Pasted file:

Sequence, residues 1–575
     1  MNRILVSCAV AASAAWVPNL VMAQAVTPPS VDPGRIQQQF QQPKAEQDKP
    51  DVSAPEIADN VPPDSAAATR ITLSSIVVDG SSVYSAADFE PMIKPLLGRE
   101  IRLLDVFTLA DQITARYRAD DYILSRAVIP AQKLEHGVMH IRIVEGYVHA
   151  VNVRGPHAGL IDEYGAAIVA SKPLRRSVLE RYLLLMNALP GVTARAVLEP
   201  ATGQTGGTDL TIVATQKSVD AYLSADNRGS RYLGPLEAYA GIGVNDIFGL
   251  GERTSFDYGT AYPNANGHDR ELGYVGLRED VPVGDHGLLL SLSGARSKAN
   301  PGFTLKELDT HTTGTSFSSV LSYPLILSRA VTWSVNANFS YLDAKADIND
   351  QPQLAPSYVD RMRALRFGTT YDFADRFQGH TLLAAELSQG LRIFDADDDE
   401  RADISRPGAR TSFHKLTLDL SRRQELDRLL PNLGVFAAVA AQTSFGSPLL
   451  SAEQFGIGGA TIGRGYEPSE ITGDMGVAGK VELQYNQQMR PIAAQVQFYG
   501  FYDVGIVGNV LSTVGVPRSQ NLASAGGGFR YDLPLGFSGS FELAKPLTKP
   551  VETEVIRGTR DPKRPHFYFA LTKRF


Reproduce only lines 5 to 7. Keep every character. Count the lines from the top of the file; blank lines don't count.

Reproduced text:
   151  VNVRGPHAGL IDEYGAAIVA SKPLRRSVLE RYLLLMNALP GVTARAVLEP
   201  ATGQTGGTDL TIVATQKSVD AYLSADNRGS RYLGPLEAYA GIGVNDIFGL
   251  GERTSFDYGT AYPNANGHDR ELGYVGLRED VPVGDHGLLL SLSGARSKAN